HALO PhD candidate Silvia Gonzalez and colleagues (former and current HALOites) are authors on a paper titled “Profiles of active transportation among children and adolescents in the Global Matrix 3.0 initiative: a 49-country comparison” that was just published in the International Journal of Environmental Research and Public Health. Citation details and a summary of the paper are below.

Congratulations Silvia and coauthors!

González, S.A.; Aubert, S.; Barnes, J.D.; Larouche, R.; Tremblay, M.S. Profiles of Active Transportation among Children and Adolescents in the Global Matrix 3.0 Initiative: A 49-Country Comparison. Int. J. Environ. Res. Public Health 202017, 5997.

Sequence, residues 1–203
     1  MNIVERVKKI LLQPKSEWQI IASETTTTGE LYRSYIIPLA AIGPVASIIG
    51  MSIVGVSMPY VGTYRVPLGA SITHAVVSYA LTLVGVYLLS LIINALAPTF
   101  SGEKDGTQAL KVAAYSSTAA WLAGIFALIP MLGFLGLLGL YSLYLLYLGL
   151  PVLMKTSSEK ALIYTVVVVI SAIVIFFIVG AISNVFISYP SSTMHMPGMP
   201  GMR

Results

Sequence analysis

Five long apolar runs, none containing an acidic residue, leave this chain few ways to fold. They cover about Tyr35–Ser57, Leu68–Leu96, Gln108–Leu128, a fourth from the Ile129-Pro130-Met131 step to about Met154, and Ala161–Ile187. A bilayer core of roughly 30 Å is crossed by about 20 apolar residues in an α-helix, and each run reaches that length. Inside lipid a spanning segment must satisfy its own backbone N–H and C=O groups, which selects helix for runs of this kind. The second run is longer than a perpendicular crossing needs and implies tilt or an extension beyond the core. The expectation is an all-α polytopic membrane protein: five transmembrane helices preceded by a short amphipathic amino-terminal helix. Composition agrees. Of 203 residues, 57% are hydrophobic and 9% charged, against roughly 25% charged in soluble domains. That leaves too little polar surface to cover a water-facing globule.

This article aims to compare the prevalence of active transportation among children and adolescents from 49 countries at different levels of development. The data was extracted from the Report Cards on Physical Activity for Children and Youth from the 49 countries that participated in the Global Matrix 3.0 initiative. Descriptive statistics and a latent profile analysis with active transportation, Human Development Index and Gini index as latent variables were conducted. The global average grade was a “C”, indicating that countries are succeeding with about half of children and youth (47–53%). There is wide variability in the prevalence and in the definition of active transportation globally. Three different profiles of countries were identified based on active transportation grades, Human Development Index (HDI) and income inequalities. The first profile grouped very high HDI countries with low prevalence of active transport and low inequalities. The second profile grouped low and middle HDI countries with high prevalence of active transportation and higher inequalities. And the third profile was characterized by the relatively high prevalence of active transportation and more variability in the socioeconomic variables. Promising policies from countries under each profile were identified. A unified definition of active transportation and contextualized methods for its assessment are needed to advance in surveillance and practice. 

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